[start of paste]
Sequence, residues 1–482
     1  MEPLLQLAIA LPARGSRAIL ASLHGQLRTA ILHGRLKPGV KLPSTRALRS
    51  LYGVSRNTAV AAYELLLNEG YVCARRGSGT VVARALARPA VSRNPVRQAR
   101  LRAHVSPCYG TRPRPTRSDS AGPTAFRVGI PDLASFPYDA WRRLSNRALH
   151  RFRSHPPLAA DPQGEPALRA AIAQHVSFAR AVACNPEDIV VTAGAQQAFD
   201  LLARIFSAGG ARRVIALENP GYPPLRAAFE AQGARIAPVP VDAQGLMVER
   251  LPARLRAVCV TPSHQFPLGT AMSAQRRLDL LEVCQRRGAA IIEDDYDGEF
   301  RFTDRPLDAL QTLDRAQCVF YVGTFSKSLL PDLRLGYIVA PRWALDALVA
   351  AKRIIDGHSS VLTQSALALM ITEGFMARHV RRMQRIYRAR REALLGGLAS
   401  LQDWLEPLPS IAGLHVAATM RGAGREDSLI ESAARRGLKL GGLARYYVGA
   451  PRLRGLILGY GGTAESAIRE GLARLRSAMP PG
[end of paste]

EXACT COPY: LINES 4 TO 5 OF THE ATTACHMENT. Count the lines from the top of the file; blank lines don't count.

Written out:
   101  LRAHVSPCYG TRPRPTRSDS AGPTAFRVGI PDLASFPYDA WRRLSNRALH
   151  RFRSHPPLAA DPQGEPALRA AIAQHVSFAR AVACNPEDIV VTAGAQQAFD